In the above table, each cell has a payoff x, y, where x represents the payoff to Xavier and y the payoff to Yolinda, given their respective strategy choices. For each player, it is a "dominant strategy" to Defect rather than Cooperate, because no matter what the other player does, one always gets a higher payoff by choosing Defect. This leads to the familiar result that the unique Nash equilibrium is for both parties to Defect, earning a payoff of 5 each, even though they each could have earned 10 had they chosen Cooperate.

Even here, the game theorist's orthodox analysis is not entirely appealing: Real world players often do cooperate even in a one-shot Prisoner's Dilemma. But we can certainly understand how a game theorist would say that such cooperation is "irrational" if we assume a person cares only about his or her own payoff. However, things get more interesting when the above game is repeated a certain number of times.

Suppose that Xavier and Yolinda are going to play the above game 1000 times in a row. Now it is not immediately true that each of them does best by playing Defect each time. For example, if Yolinda adopts a "tit for tat" strategy, in which she will play Cooperate so long as Xavier does as well, then it would be foolish for Xavier to Defect in the early rounds. This is because Xavier can earn a stream of 10s while the two are cooperating. If Xavier were to choose Defect, then he would earn a one-time payoff of 20, but then forever after a stream of 5s. Clearly then, if Yolinda is playing "tit for tat" then Xavier does best by choosing Cooperate at least in the early rounds. (For simplicity we are assuming that future payoffs are not discounted.)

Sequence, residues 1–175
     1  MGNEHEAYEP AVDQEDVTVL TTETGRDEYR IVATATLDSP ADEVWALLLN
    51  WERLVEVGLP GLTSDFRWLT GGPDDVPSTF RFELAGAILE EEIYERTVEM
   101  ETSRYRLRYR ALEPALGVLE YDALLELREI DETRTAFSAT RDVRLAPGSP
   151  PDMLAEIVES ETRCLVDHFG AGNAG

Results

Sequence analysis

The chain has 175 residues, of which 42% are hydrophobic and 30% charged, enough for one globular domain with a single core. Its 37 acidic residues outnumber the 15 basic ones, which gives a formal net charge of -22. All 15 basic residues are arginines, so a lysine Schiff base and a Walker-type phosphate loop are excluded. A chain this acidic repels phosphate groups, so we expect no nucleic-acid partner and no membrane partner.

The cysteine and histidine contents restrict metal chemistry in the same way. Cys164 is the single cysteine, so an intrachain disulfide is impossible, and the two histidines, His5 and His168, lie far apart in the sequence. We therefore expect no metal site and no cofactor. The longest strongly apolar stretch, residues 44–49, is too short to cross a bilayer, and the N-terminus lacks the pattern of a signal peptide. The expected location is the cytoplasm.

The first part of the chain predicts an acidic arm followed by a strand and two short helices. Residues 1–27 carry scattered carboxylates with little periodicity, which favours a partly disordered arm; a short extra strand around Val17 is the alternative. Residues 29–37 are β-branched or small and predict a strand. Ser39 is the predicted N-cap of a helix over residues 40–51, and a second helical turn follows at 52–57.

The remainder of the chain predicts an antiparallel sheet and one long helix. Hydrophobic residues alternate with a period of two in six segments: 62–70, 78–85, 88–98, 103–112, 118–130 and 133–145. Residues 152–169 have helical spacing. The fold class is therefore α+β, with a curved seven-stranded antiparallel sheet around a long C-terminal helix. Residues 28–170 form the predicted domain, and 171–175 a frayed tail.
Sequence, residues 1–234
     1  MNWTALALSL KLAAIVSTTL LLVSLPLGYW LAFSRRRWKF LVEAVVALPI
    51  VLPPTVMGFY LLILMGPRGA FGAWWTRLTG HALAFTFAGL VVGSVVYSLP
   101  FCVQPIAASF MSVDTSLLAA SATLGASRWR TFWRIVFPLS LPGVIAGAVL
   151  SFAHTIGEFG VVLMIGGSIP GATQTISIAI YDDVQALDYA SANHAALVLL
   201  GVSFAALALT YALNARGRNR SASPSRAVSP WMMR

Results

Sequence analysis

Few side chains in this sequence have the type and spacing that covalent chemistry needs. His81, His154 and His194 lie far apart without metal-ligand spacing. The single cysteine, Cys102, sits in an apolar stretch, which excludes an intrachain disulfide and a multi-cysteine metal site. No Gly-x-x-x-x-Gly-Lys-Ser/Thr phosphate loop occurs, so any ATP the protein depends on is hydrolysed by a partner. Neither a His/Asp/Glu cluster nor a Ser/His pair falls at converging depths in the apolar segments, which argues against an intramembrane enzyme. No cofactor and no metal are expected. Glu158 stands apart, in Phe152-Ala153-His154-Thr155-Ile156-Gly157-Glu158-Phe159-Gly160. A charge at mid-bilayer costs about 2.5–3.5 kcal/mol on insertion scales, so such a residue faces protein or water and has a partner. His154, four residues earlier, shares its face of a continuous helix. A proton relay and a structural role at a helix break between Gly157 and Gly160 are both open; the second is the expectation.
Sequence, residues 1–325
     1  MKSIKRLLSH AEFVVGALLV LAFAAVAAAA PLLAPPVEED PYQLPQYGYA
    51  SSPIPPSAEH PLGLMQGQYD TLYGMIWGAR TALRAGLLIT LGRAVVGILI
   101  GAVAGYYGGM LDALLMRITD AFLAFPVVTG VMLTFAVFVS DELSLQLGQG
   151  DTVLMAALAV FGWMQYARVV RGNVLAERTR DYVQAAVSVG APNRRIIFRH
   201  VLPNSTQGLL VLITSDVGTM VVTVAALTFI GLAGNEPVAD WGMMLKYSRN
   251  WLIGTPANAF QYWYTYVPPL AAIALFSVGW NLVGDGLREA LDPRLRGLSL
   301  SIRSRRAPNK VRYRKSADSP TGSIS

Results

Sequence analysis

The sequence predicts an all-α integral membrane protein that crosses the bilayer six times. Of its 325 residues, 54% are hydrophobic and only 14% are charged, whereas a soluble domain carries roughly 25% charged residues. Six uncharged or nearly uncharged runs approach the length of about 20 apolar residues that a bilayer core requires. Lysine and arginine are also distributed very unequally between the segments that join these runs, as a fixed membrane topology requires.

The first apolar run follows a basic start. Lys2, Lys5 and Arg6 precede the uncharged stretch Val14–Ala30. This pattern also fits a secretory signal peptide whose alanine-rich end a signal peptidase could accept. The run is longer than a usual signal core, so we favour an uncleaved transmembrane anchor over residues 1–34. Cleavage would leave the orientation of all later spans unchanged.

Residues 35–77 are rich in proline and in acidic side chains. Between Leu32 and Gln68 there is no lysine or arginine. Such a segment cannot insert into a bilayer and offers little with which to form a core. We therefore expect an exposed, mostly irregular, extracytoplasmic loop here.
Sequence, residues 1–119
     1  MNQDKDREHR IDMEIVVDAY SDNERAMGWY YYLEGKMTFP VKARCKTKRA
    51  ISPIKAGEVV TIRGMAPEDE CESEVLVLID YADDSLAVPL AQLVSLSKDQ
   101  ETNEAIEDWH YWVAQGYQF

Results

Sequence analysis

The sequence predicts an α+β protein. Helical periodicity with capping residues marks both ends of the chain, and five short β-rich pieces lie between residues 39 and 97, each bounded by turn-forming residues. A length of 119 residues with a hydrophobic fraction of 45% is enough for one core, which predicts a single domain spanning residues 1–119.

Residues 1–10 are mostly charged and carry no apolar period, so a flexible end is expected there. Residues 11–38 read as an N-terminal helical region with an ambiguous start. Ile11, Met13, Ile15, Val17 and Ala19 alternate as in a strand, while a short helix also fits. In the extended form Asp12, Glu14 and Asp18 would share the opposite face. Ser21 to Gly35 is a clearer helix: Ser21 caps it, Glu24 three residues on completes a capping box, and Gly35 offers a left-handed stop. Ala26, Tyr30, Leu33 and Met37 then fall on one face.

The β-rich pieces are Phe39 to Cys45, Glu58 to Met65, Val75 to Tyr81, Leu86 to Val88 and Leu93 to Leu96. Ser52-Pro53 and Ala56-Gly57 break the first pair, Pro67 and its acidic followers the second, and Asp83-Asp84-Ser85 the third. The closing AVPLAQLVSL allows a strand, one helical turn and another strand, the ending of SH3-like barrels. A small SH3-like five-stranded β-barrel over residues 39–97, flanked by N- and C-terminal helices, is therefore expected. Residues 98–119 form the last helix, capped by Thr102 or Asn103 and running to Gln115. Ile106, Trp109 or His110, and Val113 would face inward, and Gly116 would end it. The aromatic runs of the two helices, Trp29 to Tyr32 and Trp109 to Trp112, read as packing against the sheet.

Now here is the interesting result: Even in the finitely repeated Prisoner's Dilemma, it is still true that the unique Nash equilibrium occurs when both players choose Defect in every round. This is true whether there are 1000 rounds or 10 billion rounds. Moreover, game theorists go further and say that this outcome is the unique "rationalizable" one—that is, so long as we assume that both players are "rational" (and that this fact is common knowledge), then the only possible outcome is for both players to choose Defect in every single round. As the reader may suspect, this theoretical result is far from what we observe in experimental tests of the finitely repeated prisoner's dilemma.